To top it off, look at the growth in the total number of open source projects between 1993 and 2007. We’re amidst a paradigm shift in which much of today’s pivotal software is free and open.
The last major reason why the trade of computing history isn’t perfected? Amit Deshpande and Dirk Riehle of SAP Research, blame it on the exponential growth rate of open source software. Michael Mahoney puts it best when he says:
Donald Knuth: This is a ‘Wake Up Call’
This shift toward a more open, less patented software world is all the more reason for computer scientists and historians to wake up. As source code becomes more open, the mysteries of computing history will unravel.
Knuth sets the ideal example because he has the mind of a computer scientist and the zeal of a historian. As he entered the field in the 1950s, his detailed history on assemblers and compilers set the bar high. Still today, his Art of Computer Programming is critically acclaimed as the best literature for understanding data structures and algorithms. He practiced what few grasp today: Without technical history, we can never truly understand why things are the way they are.
We need in-depth history to learn how other scientists discovered new ideas. Reading source code is something most legendary programmers do to become a better programmer. As a kid, Bill Gates infamously dumpster dove to find the private source code for TOPS-10 operating system. Being able to see inside a programmer’s mind as he unraveled a complex knot, taught him how to solve his own problems. It’s how any new breakthrough materializes.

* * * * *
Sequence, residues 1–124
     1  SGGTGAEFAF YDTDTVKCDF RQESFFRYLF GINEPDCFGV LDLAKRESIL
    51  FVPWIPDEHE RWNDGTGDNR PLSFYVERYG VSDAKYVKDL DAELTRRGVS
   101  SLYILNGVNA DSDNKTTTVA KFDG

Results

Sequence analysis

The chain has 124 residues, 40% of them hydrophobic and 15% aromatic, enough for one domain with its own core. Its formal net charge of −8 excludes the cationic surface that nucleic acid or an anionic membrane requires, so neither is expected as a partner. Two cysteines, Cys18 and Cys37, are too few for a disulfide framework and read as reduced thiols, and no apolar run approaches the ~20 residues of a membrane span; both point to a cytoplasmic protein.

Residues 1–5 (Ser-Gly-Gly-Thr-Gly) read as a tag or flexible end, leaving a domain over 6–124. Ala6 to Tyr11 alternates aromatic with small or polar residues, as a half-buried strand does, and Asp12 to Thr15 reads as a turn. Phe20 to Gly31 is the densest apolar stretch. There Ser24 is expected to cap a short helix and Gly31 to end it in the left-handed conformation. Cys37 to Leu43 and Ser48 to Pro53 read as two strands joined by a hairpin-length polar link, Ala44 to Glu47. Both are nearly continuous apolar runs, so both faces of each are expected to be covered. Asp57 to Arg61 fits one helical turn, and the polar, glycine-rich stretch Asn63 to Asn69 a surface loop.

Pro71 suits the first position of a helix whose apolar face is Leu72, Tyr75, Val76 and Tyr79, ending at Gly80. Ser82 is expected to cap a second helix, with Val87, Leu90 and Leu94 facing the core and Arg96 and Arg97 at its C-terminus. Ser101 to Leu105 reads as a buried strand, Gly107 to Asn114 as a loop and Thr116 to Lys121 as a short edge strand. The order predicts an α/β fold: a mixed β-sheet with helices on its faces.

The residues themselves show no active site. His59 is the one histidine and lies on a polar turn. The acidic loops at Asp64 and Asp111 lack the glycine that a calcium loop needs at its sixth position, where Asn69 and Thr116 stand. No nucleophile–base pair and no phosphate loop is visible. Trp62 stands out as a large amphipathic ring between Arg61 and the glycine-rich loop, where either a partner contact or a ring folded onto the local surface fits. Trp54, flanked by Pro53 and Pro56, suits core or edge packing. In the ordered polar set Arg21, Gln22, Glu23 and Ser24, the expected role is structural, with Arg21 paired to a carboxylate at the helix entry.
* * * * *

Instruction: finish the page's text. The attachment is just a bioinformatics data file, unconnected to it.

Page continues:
We’ve only just started learning what’s possible in the computer revolution. The sooner we document and analyze these formidable years, the brighter our future will be. The acclaimed computer scientists like Shockley, Brendan Eich and Donald Knuth should be as well known as mathematicians Albert Einstein, Isaac Newton and Rene Descartes.
This is not to say that historians’ current efforts in contextualizing the impact of computing has been wasted. Undoubtedly, the new field is infiltrating every industry, and this analysis is important. But, for the sake of future computer scientists, we need both breadth and depth in computing history. Computer scientists and trained historians must work together to leave a holistic imprint of today’s pivotal advancements to truly fill the pages of computer science history for future generations of hackers.